Training, Open Source computer languages
PerlPHPPythonMySQLApache / TomcatTclRubyJavaC and C++LinuxCSS 
Search for:
Home Accessibility Courses Diary The Mouth Forum Resources Site Map About Us Contact
For 2021 - online Python 3 training - see ((here)).

Our plans were to retire in summer 2020 and see the world, but Coronavirus has lead us into a lot of lockdown programming in Python 3 and PHP 7.
We can now offer tailored online training - small groups, real tutors - works really well for groups of 4 to 14 delegates. Anywhere in the world; course language English.

Please ask about private 'maintenance' training for Python 2, Tcl, Perl, PHP, Lua, etc.
running multiple ssh instances asynchronously?

Posted by that_guy (that_guy), 21 July 2003
I'm writing a network monitor script that uses ssh to connect to ~40 machines and retrieve the contents of their routing tables using expect+ route -n. Right now I have a loop that goes through a list of currently available hosts. The problem is that doing this sequentially is very slow- it takes about 7 minutes to finish. Is there some reasonably simple way to run this part of the script on several machines at once in parallel? This is what the fragment of code currently looks like:

 foreach item $::libextreme::vlans {
           set ::libextreme::vlan_info($item,ports) [eval ::libextreme::get_vlan_ports [lrange "$item online" 0 end]]
               foreach thing [::libextreme::get_vlan_hosts $item online] {
                   if {[catch {set ::libextreme::routes($thing) [::libextreme::get_routes $thing online ] }  err] } {
                       send_user "something's wrong with $thing\n"

get_routes is the procedure that sshs to machine runs 'route -n' and returns a list of routes. I've included it below:

proc ::libextreme::get_routes {hostname mode} {
   if {[string compare $::libextreme::mode online] == 0} {
   variable prompt
   set timeout 2
   set ipaddr "\[0-9]+\.\[0-9]+\.\[0-9]+\.\[0-9]+"
   stty -echo
   spawn ssh $hostname
   expect "*"
   if { [string compare $hostname unknown] != 0} {
       expect -re "\[\n\r\t ]*$prompt(node,$hostname)"
   exp_send "su\r"
   expect "Password:"
   exp_send "mypassword\r"
   expect -re "\[\n\r\t ]*$hostname:/home/$user#"
   exp_send "route -n\r"
   expect "\n"
   expect -re ".*Iface\r\n"
   set num 0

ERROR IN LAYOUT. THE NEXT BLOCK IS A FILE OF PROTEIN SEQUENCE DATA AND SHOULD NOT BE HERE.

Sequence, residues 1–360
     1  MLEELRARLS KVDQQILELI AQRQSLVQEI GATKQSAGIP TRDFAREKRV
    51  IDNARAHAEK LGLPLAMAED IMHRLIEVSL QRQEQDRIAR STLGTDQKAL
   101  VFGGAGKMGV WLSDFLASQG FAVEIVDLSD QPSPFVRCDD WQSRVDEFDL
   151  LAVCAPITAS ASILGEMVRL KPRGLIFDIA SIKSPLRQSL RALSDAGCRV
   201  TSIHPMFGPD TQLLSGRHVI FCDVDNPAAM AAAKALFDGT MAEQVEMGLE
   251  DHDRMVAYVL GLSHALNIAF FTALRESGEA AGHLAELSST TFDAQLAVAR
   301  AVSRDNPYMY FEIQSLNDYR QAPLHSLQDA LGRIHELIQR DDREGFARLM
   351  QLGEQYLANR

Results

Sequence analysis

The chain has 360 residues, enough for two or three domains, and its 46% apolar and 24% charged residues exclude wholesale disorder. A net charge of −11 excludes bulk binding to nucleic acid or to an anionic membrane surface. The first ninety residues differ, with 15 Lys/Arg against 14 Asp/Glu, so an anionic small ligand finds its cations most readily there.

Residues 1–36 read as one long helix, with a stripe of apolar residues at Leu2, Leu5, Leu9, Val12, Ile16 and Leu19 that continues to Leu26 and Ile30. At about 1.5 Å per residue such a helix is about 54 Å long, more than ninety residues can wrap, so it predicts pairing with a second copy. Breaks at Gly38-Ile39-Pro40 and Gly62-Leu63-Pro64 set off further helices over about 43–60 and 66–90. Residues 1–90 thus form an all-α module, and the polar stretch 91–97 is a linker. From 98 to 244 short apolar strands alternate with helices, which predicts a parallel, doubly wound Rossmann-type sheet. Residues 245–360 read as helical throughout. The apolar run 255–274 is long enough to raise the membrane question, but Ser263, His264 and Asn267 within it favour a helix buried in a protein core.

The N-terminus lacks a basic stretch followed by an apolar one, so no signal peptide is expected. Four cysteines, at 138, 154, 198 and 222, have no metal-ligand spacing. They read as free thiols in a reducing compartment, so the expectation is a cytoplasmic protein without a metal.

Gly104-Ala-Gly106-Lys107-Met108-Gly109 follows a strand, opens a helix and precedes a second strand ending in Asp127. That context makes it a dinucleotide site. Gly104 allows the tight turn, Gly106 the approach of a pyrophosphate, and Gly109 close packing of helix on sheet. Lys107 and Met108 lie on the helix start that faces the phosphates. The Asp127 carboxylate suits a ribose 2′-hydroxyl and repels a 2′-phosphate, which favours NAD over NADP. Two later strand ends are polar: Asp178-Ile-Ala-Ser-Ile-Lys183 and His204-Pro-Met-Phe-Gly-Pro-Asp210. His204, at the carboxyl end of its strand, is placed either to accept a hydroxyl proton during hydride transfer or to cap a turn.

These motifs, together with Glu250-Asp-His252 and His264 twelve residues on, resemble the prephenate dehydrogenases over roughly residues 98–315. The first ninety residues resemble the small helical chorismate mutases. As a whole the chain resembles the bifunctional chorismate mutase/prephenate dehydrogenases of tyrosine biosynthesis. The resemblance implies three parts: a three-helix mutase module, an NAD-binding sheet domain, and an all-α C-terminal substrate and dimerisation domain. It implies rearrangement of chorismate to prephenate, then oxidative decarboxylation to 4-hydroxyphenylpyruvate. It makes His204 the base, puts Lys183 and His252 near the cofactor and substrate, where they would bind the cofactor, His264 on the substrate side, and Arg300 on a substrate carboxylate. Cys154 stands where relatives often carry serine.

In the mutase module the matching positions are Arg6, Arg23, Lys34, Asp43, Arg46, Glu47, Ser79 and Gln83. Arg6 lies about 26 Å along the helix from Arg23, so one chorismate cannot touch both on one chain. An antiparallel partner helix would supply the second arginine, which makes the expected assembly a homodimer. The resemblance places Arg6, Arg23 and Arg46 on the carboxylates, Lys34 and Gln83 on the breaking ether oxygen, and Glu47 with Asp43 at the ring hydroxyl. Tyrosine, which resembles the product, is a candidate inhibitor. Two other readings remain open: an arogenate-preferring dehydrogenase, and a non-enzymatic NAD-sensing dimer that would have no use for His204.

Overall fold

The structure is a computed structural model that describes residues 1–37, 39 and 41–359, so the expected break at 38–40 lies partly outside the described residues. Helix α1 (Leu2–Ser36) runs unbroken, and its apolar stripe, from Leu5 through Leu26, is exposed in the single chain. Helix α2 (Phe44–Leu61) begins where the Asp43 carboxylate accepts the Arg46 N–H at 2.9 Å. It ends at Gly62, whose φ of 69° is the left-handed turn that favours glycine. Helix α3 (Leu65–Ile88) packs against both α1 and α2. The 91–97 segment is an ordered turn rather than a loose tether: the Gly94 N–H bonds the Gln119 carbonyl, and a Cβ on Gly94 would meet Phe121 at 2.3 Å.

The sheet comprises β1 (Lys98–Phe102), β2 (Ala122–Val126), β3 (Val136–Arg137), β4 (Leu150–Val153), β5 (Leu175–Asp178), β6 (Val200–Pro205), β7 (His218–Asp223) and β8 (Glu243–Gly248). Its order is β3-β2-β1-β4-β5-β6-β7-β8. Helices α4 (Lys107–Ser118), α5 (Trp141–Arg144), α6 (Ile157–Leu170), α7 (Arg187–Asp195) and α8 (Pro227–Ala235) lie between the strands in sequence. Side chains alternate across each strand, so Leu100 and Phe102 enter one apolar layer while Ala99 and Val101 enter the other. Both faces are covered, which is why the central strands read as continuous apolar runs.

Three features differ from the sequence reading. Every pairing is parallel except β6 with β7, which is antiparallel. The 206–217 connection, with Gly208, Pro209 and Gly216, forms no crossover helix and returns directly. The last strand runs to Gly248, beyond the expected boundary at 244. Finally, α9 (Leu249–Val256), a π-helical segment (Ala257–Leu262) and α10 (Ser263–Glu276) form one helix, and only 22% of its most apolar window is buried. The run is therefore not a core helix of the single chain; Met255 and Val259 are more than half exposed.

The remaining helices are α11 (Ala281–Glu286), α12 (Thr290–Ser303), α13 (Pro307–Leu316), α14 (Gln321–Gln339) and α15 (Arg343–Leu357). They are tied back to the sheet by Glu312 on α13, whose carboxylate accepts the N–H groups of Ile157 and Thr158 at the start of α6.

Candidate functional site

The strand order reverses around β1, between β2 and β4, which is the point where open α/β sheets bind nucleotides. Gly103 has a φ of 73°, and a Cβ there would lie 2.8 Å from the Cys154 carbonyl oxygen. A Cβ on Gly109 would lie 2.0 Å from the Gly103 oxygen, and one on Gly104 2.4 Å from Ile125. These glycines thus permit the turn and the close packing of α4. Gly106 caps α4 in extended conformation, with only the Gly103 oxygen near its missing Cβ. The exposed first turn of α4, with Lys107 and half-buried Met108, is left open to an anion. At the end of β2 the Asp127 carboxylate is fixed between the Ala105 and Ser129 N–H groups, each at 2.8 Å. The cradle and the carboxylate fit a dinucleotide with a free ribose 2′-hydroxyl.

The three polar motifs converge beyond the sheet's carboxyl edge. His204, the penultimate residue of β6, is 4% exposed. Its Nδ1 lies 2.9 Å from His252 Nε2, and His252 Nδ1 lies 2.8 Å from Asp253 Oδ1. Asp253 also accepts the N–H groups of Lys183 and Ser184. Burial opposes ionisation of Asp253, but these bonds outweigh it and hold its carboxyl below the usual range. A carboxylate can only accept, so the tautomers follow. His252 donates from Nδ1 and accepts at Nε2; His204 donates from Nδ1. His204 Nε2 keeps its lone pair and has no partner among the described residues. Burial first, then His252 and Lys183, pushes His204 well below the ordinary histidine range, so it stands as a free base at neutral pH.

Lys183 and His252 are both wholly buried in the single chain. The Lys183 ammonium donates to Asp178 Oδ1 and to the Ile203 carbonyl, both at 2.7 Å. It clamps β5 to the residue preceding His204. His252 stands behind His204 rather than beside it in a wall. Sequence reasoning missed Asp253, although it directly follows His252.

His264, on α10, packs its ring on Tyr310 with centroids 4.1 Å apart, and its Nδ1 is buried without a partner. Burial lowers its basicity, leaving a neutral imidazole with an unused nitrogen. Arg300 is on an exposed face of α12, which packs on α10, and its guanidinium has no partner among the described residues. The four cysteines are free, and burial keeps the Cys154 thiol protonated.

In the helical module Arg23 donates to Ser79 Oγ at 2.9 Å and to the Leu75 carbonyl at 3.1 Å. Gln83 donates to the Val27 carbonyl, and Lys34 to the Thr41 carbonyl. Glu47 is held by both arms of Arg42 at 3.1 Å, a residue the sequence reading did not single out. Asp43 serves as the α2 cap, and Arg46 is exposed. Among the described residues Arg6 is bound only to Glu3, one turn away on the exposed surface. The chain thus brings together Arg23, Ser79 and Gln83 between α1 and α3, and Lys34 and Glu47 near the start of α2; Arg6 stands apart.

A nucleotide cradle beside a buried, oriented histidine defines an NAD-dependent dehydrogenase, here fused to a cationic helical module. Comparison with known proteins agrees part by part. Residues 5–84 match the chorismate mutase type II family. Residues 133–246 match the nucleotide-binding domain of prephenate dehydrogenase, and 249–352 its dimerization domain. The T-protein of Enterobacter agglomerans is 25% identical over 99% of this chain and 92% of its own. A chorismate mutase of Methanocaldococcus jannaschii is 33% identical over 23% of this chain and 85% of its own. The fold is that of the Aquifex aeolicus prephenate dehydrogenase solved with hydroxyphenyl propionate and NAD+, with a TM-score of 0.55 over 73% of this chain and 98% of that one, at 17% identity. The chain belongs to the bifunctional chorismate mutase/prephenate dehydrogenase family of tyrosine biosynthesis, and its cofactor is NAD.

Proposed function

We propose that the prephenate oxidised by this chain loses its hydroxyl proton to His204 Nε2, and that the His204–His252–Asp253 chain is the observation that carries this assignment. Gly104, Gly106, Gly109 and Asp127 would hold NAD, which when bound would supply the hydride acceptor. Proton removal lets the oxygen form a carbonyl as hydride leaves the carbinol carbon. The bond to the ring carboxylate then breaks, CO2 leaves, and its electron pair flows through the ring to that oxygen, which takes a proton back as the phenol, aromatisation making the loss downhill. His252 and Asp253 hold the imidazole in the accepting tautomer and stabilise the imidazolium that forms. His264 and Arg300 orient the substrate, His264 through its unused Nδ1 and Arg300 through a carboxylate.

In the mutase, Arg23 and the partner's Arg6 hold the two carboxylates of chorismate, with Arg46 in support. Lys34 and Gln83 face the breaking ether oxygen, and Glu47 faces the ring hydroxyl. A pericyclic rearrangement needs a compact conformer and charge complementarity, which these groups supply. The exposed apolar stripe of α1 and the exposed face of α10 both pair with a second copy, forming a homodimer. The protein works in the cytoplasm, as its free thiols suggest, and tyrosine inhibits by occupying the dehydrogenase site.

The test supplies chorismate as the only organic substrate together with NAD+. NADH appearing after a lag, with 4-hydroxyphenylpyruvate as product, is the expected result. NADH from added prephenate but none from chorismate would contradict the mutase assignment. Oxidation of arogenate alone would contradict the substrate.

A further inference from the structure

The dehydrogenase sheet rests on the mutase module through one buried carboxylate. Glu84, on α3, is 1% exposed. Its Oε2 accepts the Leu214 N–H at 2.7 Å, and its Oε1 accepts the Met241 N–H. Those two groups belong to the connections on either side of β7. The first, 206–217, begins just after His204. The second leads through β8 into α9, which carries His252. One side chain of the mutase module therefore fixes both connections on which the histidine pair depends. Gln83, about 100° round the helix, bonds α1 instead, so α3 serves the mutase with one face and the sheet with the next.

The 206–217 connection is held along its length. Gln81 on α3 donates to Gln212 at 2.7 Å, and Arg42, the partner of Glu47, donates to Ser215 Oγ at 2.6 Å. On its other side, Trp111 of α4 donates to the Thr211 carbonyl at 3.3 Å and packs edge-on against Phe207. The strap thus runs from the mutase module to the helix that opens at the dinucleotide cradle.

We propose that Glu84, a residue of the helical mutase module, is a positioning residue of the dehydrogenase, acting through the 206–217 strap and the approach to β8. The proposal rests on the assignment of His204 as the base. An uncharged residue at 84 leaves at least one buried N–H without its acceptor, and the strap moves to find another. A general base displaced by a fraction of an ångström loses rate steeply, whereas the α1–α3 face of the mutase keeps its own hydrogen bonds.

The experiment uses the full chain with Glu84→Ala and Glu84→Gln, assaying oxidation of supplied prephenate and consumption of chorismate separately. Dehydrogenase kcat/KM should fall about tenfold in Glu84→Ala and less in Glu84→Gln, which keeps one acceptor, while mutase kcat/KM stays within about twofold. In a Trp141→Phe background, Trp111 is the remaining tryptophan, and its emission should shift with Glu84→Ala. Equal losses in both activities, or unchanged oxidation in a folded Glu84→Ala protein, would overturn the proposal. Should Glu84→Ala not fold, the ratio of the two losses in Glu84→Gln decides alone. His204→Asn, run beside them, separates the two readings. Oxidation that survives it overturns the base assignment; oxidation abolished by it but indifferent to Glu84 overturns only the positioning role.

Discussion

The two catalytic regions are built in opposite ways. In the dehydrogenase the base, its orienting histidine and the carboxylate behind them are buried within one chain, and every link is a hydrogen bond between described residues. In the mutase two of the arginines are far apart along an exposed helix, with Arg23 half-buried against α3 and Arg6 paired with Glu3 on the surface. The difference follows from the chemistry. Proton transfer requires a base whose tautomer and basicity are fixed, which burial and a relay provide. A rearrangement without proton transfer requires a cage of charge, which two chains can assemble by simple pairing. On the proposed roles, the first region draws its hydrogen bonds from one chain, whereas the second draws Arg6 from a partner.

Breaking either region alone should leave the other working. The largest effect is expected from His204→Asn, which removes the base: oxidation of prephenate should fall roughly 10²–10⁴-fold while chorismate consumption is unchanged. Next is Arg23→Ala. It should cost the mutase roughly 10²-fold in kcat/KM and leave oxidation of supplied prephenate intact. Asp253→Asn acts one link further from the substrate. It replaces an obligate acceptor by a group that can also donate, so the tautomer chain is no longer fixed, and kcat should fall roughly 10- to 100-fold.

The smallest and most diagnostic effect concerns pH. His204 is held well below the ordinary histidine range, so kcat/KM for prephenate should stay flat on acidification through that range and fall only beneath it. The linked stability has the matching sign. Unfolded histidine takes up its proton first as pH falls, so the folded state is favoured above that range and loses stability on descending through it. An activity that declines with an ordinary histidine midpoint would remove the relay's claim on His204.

#+\[\t ]\[0-9]\[\t ]\[0-9]\[\t ]\[0-9]\[\t ]\[a-zA-Z0-9]+
   set routes {}
   expect {
       -re "($ipaddr)\[\t ]*($ipaddr)\[\t ]*($ipaddr)\[\t ]*(\[a-zA-Z]*)\[\t ]*(\[0-9]+)\[\t ]*(\[0-9]+)\[\t ]*(\[0-9]+)(\[a-z 0-9]*)\r\n" {
           lappend routes $expect_out(buffer)
#send_user "row$num: $expect_out(buffer) endrow\n"
           incr num

Posted by admin (Graham Ellis), 21 July 2003
We had a similar problem in checking out a network of machines for training courses - we want to plug together anything from 2 to 20 machines and have a display come up in seconds to tell us which are there.

* spawn ping processes in a loop
* save the spawn_id into an array, and add it to a list too
* when all the pings have been started, use the expect  command with the -i option to wait for the next line back from any one of the pings
* keep repeating the previous step, noting down how many lines of response have come back from each ping

This way, all the processes are timing out in parallel rather than serially, which I think is wha you're looking for.

Complete code of our program (64 lines, I think, when I last counted) at;  it also gives you a graphic display through tk to show you the progress ... very pretty too.

[Edited to correct typing error in link]

Posted by that_guy (that_guy), 22 July 2003
Thanks a lot, I found tkpingle to be a very useful example, I'm retooling my ssh script.  I also have a part of the script that uses fping to check all the hosts, but I think I'm going to change it over to use tkpingle.
Just so you know, the link above is not functional.

[Link corrected, 05:55 - Graham]

Posted by that_guy (that_guy), 22 July 2003